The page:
The $20.3 billion two-year budget Gov. Steve Beshear proposed to Kentucky lawmakers in a joint session Tuesday is actually a pretty good plan. It remains to be seen if it is a sincere plan, as Beshear hinted in the lead-up to the presentation that he thought the austerity contained in the plan might prove too great for the General Assembly to swallow.
To that end, the governor has made it clear he is open to ideas for raising new revenue from the usual sources: legalized casino gambling and "tax modernization", the newest lexicon for "tax increase" now that most Kentuckians have wised up to the codec of "tax reform."
Beshear, as he had promised, proposed an extra $189 million for K-12 education. The money would go to provide teachers and school employees 2 percent raises in the next budget year, and another 1 percent the following year. It would also spend $36 million to expand preschool services to an additional 5,125 four-year-olds.
Although state revenues are projected to grow about $500 million over the next biennium, the governor had to propose $98.6 million in budget cuts to balance the books. He is looking for 5 percent reductions in expenses at the governor's office and most state agencies the first year, and holding expenses flat the second year. He also proposed 2.5 percent reductions in the first year of the cycle for universities, community and technical colleges, and the Kentucky State Police. But he did propose $145.5 million in agency bonds to support expansions in the community/technical college system.
Boosting primary and secondary education while cutting higher education may seem counterintuitive. However the state's colleges do have more flexibility when it comes to funding gaps, by way of tuition, fees, endowments and alumni giving.
At the K-12 level, the funding increase would bring per pupil spending (perhaps aided by declining enrollments) to the highest level in state history. We're ambivalent about that, since most studies find little correlation, and in fact at times an inverse correlation, between per pupil spending and academic achievement in public schools. But we don't begrudge the school personnel the raises, and it becomes hard to argue that Kentucky's K-12 education is not adequately funded if spending rises to these levels.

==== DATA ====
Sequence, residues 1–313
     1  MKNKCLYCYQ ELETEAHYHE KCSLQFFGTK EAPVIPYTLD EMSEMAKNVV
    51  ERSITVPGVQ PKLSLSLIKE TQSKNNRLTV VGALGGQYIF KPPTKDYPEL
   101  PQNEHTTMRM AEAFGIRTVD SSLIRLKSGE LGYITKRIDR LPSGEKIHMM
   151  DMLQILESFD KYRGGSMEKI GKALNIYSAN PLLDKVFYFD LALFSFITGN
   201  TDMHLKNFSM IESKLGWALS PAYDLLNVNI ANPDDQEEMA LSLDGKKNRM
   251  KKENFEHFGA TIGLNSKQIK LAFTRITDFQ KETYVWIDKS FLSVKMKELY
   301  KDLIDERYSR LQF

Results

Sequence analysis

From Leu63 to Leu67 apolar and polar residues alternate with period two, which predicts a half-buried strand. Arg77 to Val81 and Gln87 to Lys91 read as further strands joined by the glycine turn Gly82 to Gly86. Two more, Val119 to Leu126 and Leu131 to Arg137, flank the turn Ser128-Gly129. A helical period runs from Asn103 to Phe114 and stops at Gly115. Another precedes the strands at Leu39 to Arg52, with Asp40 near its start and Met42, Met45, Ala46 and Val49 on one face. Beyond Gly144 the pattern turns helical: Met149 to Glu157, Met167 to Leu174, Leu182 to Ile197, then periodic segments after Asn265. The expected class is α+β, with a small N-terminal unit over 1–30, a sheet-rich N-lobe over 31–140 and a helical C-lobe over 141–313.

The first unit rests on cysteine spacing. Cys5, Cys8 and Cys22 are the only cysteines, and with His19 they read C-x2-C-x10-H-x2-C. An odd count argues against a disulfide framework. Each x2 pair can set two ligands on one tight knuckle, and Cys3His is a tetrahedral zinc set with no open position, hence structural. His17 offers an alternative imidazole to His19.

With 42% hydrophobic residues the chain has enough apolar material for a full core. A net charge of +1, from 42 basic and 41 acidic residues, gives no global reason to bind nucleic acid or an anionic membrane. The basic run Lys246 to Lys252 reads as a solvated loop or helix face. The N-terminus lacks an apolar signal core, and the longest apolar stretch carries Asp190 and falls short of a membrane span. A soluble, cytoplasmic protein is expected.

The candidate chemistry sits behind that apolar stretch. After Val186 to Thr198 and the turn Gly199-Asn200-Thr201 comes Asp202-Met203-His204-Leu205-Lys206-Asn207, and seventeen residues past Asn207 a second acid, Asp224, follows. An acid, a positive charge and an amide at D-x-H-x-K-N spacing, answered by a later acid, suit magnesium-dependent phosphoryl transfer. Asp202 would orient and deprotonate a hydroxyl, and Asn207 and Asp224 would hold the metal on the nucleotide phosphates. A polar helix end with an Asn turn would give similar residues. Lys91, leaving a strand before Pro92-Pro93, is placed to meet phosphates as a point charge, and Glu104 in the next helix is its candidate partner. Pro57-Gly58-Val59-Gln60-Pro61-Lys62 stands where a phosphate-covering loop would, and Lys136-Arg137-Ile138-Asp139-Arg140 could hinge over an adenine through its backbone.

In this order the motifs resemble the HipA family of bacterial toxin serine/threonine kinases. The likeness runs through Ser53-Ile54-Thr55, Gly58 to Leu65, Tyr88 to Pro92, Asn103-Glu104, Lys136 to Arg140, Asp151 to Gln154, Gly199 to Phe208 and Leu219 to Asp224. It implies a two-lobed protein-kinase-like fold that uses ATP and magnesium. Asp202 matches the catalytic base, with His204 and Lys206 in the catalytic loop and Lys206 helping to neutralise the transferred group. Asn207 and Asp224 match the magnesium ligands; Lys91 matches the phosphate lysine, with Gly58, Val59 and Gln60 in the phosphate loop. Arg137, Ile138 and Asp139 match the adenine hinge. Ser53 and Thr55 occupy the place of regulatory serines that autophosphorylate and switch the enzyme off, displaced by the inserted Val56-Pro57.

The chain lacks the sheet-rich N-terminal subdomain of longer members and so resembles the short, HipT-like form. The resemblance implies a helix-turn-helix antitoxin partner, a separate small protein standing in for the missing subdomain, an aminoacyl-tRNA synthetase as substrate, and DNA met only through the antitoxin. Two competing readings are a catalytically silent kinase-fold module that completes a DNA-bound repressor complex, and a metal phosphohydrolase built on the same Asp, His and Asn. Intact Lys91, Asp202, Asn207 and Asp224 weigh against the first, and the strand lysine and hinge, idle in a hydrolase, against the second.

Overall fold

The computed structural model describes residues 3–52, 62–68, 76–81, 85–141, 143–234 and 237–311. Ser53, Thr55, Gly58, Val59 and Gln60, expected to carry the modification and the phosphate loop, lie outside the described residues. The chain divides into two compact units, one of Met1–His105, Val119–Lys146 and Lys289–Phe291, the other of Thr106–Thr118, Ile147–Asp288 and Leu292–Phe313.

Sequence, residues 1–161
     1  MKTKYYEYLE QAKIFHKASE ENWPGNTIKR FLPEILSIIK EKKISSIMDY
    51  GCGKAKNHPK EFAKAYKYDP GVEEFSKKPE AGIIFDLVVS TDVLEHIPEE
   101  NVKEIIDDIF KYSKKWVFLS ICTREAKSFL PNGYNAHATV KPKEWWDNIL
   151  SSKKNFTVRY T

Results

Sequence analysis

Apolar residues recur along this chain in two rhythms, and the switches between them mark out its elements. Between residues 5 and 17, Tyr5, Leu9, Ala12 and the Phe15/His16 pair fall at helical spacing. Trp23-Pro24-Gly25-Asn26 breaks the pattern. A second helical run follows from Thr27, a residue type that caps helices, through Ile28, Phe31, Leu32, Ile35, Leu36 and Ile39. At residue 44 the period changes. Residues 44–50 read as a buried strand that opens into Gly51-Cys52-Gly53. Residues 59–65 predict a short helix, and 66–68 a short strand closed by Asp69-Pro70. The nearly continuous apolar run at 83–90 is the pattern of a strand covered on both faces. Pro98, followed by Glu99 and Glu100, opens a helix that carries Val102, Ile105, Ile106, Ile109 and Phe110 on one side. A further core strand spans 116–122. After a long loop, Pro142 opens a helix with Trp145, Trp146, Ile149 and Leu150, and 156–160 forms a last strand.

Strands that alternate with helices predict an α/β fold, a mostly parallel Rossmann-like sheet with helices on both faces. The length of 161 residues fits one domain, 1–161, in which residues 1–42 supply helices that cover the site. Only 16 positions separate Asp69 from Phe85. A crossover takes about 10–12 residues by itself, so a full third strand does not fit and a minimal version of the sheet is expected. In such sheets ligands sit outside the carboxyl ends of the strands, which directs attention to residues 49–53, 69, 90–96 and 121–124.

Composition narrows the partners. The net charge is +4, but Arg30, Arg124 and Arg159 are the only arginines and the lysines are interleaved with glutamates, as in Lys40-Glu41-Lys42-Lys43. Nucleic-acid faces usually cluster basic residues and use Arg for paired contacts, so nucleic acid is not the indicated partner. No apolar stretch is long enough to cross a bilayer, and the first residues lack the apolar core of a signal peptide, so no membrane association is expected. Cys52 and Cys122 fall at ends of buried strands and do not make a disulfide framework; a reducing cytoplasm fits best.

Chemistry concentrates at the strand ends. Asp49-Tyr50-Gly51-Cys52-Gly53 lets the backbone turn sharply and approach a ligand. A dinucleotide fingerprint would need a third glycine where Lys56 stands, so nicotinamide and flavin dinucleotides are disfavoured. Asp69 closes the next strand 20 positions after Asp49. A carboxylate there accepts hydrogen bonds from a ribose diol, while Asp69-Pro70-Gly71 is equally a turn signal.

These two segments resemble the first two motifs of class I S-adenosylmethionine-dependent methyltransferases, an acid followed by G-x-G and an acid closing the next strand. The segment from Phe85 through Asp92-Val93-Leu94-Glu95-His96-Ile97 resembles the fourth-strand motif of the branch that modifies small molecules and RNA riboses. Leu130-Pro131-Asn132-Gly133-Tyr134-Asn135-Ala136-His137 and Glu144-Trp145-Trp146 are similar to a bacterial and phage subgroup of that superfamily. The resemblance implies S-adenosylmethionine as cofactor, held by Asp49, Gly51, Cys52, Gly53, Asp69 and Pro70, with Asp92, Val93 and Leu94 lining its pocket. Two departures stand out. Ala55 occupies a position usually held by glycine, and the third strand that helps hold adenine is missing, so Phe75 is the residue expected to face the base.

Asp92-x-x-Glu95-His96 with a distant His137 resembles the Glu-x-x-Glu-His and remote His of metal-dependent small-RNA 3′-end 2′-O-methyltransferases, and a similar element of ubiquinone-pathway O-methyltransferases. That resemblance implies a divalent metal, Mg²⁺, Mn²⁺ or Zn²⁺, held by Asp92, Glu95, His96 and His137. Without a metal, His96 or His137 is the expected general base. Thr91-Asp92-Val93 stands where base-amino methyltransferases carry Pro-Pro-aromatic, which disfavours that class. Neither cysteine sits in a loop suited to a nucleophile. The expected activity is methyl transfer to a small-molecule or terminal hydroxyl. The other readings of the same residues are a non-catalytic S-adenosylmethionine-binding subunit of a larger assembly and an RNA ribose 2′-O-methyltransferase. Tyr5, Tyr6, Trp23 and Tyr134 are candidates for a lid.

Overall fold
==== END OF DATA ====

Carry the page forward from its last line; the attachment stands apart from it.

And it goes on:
We do take exception to the part of the governor's plan that would further reduce money for the Kentucky State Police. Public protection is a fundamental role and responsibility for state government. Rural counties with small sheriff's departments and few or no municipal police forces are dependent on KSP for law enforcement support. It is simply not in the public's best interest to further cut the state police budget, and we hope legislators will find elsewhere to cut in order to prevent that from happening.
But we generally like the governor's plan, tough medicine though it may be. And we hope and expect that efforts to add revenue by "broadening the tax base" and/or adding casino gambling will be resisted, particularly in the Republican-controlled Senate.
As we have noted several times recently, Kentucky has yet to emerge from the Great Recession. The unemployment rate in Kentucky in November 2013 (the last numbers available) was higher than it was in November 2012, a disturbing divergence from what is going on with employment in the rest of the country. Overall Kentucky unemployment is 1.2 percent higher than the national rate.
That reflects a state economy that is still far from healed, in what is in terms of per capita income one of the poorest states in the nation. This is no time to be raising taxes.
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